Perhaps in no country is this leverage effect felt more acutely than in Indonesia. Despite being the largest Muslim-majority country in the world, Indonesia is one of the quietest countries when it comes to the persecution of Uyghurs. Pro-Uyghur activists attribute Indonesia’s stance to Chinese investments in the country and Beijing’s concerted diplomatic efforts to promote its version of events in Xinjiang. “Indonesia is one of the biggest beneficiaries of [Belt and Road] money, so it’s a huge incentive for Indonesia to shut up,” Emil, a Jakarta-based activist from the Indonesia Save Uyghur campaign, told me. (He asked to be identified only by his first name for fear of reprisals.) He noted that while public support for the Uyghurs has forced the Indonesian government to tread carefully on the subject, it hasn’t stopped him from working. with Beijing to deepen China’s objectives and its own. In 2020, the Indonesian government, at Beijing’s request, reportedly deported three Uyghurs who had been convicted of terrorism to China, in what Uyghur activists have called a gross violation of non-refoulement, the principle of international law that prohibits countries from returning refugees to places where they are likely to be persecuted or tortured.
“Indonesia is totally complicit in the persecution of Uyghurs in this sense,” Emil said. “No Uyghur is safe here.”
The same is true in much of the Muslim world. Since 2017, nearly 700 Uyghurs have been detained in other countries, many of them majority Muslim, according to a 2021 report by two Washington, D.C.-based groups, the Uyghur Human Rights Project and the Oxus Society for Central Asian Affairs. . Many of those detained, including Uyghurs living in the United Arab Emirates, Saudi Arabia and Egypt, have been deported.
“Muslim-majority countries are not only silent on Xinjiang; I would say they are actively complicit,” Bradley Jardine, research director of the Oxus Society, which tracks China’s repression of Uyghurs around the world, told me. Even havens like Turkey, home to one of the largest Uyghur diaspora communities in the world, no longer seem so safe. Although Turkish President Recep Tayyip Erdoğan was one of the first to equate the Chinese government’s policy towards the Uyghurs with “genocide” (in response to the 2009 communal riots in Urumqi, the capital of Xinjiang), his government has since adopted a more conciliatory approach towards the Uyghurs. China. A yet-to-be-ratified extradition treaty between Beijing and Ankara could put the country’s 50,000 Uyghurs at risk of being repatriated to China. Some have already been deported.
Another reason why the persecution of Uyghurs in China and beyond has not sparked mass protests in Muslim-majority countries is that with the exception of Turkey, which shares a similar language and culture, most Muslim-majority populations do not have many ties to Uyghurs beyond their common faith. People who live in more repressive countries like Saudi Arabia, Iran and Egypt may also feel they cannot freely challenge their government’s relationship with China. “Many of these countries have their own problems; they also have their own human rights issues,” Peter Irwin, program manager at the Uyghur Human Rights Project, told me. In addition, audiences in Muslim-majority countries, many of which are arid, tend to show little interest in the Winter Games. These facts suggest that “you won’t get much out of [these] governments, if any, on the Olympics,” added Irwin.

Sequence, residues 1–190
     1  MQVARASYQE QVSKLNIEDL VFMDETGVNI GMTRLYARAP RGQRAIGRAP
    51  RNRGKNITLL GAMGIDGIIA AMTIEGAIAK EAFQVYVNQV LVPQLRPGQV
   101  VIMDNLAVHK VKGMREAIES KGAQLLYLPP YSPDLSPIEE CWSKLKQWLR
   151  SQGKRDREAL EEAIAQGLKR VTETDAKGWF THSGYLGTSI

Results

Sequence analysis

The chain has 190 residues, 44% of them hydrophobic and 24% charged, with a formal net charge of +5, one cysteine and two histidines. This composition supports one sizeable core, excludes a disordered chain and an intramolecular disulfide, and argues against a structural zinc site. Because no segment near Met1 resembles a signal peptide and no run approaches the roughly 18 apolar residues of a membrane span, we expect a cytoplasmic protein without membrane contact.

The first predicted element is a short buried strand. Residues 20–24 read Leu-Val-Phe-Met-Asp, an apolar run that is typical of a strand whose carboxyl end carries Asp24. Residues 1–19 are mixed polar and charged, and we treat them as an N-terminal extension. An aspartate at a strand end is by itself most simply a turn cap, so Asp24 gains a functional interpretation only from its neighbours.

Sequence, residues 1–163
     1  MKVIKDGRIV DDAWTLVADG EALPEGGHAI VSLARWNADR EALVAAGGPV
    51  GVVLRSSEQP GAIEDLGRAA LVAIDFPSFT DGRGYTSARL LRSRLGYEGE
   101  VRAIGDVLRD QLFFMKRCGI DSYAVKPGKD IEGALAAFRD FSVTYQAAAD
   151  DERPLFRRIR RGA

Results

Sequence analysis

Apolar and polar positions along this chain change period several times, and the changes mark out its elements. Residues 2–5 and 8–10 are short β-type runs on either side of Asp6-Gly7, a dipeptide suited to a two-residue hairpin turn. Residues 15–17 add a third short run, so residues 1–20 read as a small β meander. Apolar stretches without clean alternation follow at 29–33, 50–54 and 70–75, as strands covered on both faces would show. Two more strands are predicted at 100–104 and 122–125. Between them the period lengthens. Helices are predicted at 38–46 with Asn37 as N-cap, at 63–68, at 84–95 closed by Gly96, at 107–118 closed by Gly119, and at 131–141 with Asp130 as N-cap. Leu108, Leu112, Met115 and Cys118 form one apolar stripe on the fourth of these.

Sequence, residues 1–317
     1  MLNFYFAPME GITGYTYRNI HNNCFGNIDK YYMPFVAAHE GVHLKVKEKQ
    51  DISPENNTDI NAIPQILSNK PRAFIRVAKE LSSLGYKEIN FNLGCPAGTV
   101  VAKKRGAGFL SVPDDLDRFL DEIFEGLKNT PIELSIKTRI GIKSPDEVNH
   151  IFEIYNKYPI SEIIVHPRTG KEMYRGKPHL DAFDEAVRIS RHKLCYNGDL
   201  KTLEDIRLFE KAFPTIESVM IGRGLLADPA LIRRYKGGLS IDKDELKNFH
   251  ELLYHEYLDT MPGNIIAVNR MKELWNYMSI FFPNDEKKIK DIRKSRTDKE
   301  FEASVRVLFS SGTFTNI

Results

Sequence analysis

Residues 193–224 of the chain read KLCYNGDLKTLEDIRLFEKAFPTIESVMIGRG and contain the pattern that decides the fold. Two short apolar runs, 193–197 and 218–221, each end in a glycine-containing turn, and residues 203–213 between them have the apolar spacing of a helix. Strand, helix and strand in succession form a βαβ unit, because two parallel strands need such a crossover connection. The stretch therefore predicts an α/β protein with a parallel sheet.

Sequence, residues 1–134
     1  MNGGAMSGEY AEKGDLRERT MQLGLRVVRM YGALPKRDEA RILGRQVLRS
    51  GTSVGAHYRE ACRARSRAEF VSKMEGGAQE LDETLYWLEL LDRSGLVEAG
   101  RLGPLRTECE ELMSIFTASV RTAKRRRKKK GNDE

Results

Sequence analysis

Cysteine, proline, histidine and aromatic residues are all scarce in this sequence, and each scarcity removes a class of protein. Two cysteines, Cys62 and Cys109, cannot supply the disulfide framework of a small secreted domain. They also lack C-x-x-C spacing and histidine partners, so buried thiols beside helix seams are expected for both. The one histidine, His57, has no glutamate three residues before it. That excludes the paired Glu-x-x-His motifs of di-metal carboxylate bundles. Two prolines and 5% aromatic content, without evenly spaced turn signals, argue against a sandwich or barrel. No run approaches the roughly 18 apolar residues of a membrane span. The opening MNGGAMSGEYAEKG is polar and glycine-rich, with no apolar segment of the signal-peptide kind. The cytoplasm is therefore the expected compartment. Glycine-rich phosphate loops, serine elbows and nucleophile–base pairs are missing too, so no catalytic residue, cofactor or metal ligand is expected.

This status quo might be sustainable in more repressive countries, whose leaders don’t have to worry about public opinion, but activists in more democratic countries rely on public pressure to force policy change. “The Olympics provide an opportunity for Muslims to put the Uyghur cause in the spotlight,” said Indonesia’s Emil Save Uyghur, who is planning protests in Jakarta during the Games. Idris Ayas, an Istanbul-based activist with the Score4Rights campaign, told me the group encourages Olympic athletes to show solidarity with Uyghurs and other targets of persecution in China by making a crescent-shaped salute to signify “hope for change”. “The idea, Ayas said, was inspired by John Carlos and Tommie Smith, the Olympians who raised their fists during the Black Power salute during the 1968 Olympics. A representative of the Chinese Olympic Organizing Committee warned that athletes who participate in such events would face “certain sanctions”. The committee did not respond to a request for comment.
Although activists I spoke with welcomed the diplomatic boycott of the Games by the United States and other countries (which “is the least you can do,” Irwin said), they view the protests as incomplete without majority approval. Muslim countries, whose collective voice could have a substantial impact. “If Saudi Arabia were to criticize China, it would be very powerful, given its position of influence within the Muslim world; the same goes for Pakistan,” said Jardine, of Oxus. There is no clear incentive for these countries to take a stand, nor is there an international movement advocating for Muslim-majority countries to use their collective voice. But without them, any Western-led effort to pressure China is unlikely to have the desired effect.